As a guy who lost his faith long ago, I never doubted God’s existence. However, since I think he is a deadbeat dad, I have many questions and am looking for meaning without being convinced God is real. My struggle with faith has lasted me about 25 years. I would like to have seen a session on reconciling the Bible as a whole. For instance if Intelligent Design is really using science as I heard, how do they address the Adam and Eve question? I also would like someone like Dr. Moreland to discuss why he gets three angels and conversations with God directly when clearly God never bothered with me to begin with.
The premise on which they build many of their arguments is their belief. I don’t have that. So while I enjoyed the conference overall, I walked out of there with more questions. But isn’t that kind of the point? For the first time in over two decades, I felt mentally stimulated by a religious event. In that, I’m intrigued.
And what do we learn from this?
Well, I will try to be civil, but what I really want to do is rant against the postmodernism, irrationality, mysticism, pietism, relativism, inclusivism, universalism, hedonism, etc. that has got us to a point where something like 70% of young Christians who grow up in the church abandon it as soon as they go off to college. The church is a club that is run by people who want nothing to do with the honest questions of people who are less interested in feelings, intuitions, amusement and community and more interested in truth. And we are failing these honest questioners, because we are too busy having fun and feeling happy.
I have a very good idea of why the church is losing all of it’s young people. And we need a tea party revolution in the church to get people to come back.
So here’s my stand:
- The church believes that belief in God’s existence is divorced from logic and evidence, but I believe that God’s existence is knowable, rational and supported by publicly-accessible evidence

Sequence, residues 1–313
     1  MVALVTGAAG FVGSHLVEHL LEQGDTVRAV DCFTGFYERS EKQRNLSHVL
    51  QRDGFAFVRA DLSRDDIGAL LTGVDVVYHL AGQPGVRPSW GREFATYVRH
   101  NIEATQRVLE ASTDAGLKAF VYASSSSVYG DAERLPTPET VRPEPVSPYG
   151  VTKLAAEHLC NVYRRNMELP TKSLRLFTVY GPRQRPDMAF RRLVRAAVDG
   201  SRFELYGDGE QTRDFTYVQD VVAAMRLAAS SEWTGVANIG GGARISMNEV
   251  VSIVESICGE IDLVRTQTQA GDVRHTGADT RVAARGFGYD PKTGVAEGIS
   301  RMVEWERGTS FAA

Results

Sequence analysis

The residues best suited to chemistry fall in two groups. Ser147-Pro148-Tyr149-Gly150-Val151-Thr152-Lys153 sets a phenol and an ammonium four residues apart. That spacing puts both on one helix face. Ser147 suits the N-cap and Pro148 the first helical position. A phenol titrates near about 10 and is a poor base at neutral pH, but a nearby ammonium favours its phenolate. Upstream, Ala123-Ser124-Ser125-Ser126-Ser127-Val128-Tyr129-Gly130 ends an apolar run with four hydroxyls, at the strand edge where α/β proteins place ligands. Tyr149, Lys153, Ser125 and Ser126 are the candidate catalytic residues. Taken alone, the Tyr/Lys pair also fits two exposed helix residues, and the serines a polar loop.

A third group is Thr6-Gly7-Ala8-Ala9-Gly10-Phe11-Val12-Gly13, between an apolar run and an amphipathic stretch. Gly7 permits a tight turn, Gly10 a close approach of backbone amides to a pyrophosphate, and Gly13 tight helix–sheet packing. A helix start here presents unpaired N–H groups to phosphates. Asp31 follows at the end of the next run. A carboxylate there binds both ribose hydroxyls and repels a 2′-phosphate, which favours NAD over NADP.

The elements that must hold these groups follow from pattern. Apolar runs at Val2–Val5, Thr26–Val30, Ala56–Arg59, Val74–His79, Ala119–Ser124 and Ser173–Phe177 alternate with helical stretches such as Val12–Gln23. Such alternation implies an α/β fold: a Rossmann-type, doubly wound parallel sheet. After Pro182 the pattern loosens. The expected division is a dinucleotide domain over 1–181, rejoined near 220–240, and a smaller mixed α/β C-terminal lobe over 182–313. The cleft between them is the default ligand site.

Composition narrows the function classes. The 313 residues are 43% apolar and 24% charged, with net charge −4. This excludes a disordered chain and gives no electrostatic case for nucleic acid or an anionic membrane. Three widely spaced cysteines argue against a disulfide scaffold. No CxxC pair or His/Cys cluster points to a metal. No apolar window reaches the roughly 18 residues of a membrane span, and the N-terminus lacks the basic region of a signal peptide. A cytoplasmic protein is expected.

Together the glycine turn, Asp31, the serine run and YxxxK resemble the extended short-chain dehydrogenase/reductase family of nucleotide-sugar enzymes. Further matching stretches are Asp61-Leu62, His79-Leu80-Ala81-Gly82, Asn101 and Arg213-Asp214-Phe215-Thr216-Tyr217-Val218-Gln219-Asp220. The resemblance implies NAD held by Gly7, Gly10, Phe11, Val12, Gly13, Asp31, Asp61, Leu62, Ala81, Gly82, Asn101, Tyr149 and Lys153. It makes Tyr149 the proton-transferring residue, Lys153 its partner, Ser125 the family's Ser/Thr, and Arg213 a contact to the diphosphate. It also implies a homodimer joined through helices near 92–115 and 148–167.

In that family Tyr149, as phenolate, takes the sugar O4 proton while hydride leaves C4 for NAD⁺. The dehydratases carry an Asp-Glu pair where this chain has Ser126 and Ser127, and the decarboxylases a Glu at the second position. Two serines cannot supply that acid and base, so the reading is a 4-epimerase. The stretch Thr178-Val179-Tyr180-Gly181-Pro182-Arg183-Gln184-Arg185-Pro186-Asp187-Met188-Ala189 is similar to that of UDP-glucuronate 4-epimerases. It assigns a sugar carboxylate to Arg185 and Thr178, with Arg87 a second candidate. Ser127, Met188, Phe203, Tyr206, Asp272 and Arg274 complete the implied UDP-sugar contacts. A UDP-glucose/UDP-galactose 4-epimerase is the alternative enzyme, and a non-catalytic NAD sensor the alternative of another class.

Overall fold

- The church thinks that people become Christians because they like Christianity, but I believe that people become Christians when they think Christianity is true
- The church believes you can seek happiness without caring about the moral law, and their job is to make you feel accepted no matter what you do, but I believe that we need to set out clear moral boundaries and explain to people using non-Biblical evidence what damage is caused if those boundaries are broken
- The church believes that reading the Bible and attending church as therapeutic, but I think that the Bible and church are for clarifying my obligations in my relationship with God and for setting out the broad goals that I will use when I develop my life plan to meet those goals by solving problems using my talents in the way that *I* think is most effective – and my plan doesn’t involve making you feel happy, by the way
- The church thinks that the Christian life consists of singing, praying and not disagreeing with anyone or thinking that we are right about anything, but I think we should get off our duffs and start studying to think about how our Christian convictions apply to the world around us in every area of life, from politics to economics to foreign policy to marriage and parenting and beyond
- The church believes that Christianity is true for them while other religions work for other people, but I believe that religions are assessed by whether they are true or not – and that other religions can be mistaken where they make false claims
- The church believes that evangelism is done without using apologetics or focusing on truth, but I think we should all be prepared by watching debates, holding open forums, hosting speakers and conferences, and generally training ourselves to engage with the outside world in the realm of ideas
- The church thinks Christianity is a faith tradition, but I think Christianity is a knowledge tradition
Anyway, check out these other posts for more snarky defiance.
- the importance of being able to argue both sides of a question
- why does talking about religion make people uncomfortable?
- how to talk to your co-workers about your faith